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How To Wash A Sheepskin

sheepskins hung out to dry in the sun

How to wash a sheepskin: You can wash a sheepskin in a normal washing machine with your usual washing powder at a low temperature. Afterwards tumble dry at a low temperature. Your sheepskin will come up like new.

How To Wash A Sheepskin:

  1. Set the washing machine at a low temperature – 30°C or lower. Your machine might have a WOOL setting, this will work well.
  2. Use a small amount of Biological or Non-Biological Washing Powder.
  3. Avoid additives like Fabric Softeners or Stain Removers.
  4. Tumble Dry on a Low Heat to prevent the wool becoming distorted, again if your machine has a wool setting this should work well – don’t worry if not, just keep the temperature low.
  5. Shake the sheepskin out when dry, and enjoy!

When you first get a sheepskin you tend to show it special treatment. There’s something so obviously luxurious about it that makes you take extra special care. But soon enough the cat has slept on it, the kids have used it as a cape and it’s twice been a cushion in the garden. Soon enough, it needs a wash. People worry about how to wash a sheepskin because they don’t want to ruin the wool fibres or damage the tanned hide.

The solution is simple – keep the temperature low.

The tanning process stabilises the leather and it comes through the wash surprisingly unaffected. In fact, after a wash and dry a sheepskin usually comes up like new.

Dry it, don’t cook it!

The most important thing is temperature, too hot and the wool fibres will distort. Too cold is fine for the sheepskin but a biological washing powder needs a bit of warmth to encourage the enzymes to digest more dirt!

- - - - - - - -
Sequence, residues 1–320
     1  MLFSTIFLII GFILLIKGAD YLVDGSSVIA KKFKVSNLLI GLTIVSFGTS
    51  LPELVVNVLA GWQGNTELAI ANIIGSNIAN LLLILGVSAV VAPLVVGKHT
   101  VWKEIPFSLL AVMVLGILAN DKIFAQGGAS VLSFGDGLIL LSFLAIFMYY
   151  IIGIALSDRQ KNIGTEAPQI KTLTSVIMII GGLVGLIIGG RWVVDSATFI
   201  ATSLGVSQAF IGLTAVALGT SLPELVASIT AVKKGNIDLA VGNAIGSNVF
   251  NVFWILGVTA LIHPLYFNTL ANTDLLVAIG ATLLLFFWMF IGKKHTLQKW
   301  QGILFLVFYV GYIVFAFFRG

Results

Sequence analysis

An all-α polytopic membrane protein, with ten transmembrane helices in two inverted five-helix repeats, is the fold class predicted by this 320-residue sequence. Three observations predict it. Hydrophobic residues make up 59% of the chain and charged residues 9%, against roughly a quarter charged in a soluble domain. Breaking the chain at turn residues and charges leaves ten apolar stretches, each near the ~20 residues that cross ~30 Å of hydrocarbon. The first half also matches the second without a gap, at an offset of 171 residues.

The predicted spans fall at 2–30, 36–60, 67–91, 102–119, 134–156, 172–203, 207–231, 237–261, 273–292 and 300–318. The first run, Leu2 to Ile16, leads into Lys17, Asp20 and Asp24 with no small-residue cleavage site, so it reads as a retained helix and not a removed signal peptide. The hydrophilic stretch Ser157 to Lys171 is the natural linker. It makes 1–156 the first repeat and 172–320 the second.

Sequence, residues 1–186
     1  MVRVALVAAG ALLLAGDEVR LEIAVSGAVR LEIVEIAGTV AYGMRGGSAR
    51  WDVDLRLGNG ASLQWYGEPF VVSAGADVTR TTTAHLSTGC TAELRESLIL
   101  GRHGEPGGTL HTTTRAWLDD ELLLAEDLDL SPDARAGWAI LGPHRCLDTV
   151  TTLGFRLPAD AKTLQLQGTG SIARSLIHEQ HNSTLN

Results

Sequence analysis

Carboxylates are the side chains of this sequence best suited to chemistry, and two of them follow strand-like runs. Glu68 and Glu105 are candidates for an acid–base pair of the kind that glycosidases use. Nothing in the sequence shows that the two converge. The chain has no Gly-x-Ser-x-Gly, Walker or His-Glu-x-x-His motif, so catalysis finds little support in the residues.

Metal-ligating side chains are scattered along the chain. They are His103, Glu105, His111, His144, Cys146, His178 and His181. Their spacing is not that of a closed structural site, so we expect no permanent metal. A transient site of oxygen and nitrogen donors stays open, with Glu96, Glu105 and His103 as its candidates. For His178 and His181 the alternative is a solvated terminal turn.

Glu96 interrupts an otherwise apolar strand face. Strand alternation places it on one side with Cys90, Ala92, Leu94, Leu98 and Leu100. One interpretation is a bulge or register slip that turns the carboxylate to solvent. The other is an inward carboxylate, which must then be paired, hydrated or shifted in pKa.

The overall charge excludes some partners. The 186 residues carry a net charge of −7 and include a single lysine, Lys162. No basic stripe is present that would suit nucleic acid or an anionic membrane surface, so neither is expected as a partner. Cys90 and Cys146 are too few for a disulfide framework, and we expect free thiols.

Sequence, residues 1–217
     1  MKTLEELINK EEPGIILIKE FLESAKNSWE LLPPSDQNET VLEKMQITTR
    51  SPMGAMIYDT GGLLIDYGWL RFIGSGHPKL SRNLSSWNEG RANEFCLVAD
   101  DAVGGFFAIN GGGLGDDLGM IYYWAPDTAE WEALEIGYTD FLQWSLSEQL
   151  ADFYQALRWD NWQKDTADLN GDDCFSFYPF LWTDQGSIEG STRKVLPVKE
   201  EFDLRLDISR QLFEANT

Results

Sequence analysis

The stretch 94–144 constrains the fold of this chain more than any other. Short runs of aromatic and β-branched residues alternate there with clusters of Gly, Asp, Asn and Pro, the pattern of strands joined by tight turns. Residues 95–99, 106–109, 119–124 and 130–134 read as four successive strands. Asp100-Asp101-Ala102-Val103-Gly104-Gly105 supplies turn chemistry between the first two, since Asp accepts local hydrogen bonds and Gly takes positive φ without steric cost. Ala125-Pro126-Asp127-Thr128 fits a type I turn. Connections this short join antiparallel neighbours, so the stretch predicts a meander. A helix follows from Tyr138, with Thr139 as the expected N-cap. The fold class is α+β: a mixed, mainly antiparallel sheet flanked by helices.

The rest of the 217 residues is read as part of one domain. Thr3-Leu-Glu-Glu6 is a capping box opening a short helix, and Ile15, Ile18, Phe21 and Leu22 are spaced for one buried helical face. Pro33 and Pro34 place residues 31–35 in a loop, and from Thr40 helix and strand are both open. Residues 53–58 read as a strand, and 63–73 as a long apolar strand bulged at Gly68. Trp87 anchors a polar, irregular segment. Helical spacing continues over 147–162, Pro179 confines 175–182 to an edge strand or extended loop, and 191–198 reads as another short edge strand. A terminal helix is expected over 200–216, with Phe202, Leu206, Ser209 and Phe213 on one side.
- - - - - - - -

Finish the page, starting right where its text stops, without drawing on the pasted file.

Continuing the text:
Other than heat distortion the sheepskin is pretty hardcore. We recommend them for motorcycle seat covers, for example. A use in which I expect to see very hard wear, ground on dirt and grease, and regular washing and drying. In this case the sheepskin will wear out quicker, but there’s no reason it can’t perform like new after each wash

Give it a wash in good time before you set off!

Drying Without a Machine

As it dries the fibres will separate and become more ‘fluffy’
  • Place sheepskin on radiator*
  • Move it frequently “shake it out”
  • Increase airflow

Timing is an issue. A sheepskin should be dried within a reasonable time. A soggy sheepskin is a sorry thing and should be dealt with right away. Don’t be tempted to overheat it because again you may distort the fibres. A radiator should be OK. Make a habit of rotating the fir and giving it a shake out each time you happen to pass. *If your radiator is too hot for your hand, then it is too hot for a sheepskin. Put the sheepskin over the back of a chair next to the radiator instead. Or lay it in the sun, alternating face up and face down. Same limits on heat apply.

We recommended sheepskins for all sorts, from motorbike seat covers to baby changing mats. The reason we can do this is because no matter what you throw at them, sheepskins always seem to be able to bounce back! Take a look at our range of sheepskins.

2 thoughts on “How To Wash A Sheepskin

  1. […] If, however, you are still in the (ahem) early stages of baby making and were fooled by the title of this post, you might want to check out this post on machine washing sheepskins. […]

  2. […] A sheepskin rug from Dartmoor Sheepskins will always be of a superb quality. Tanned the traditional way, on Dartmoor, they have a sumptuous fleece on a hard-wearing hide. These are products that last for generations and are machine washable using these simple instructions.  […]

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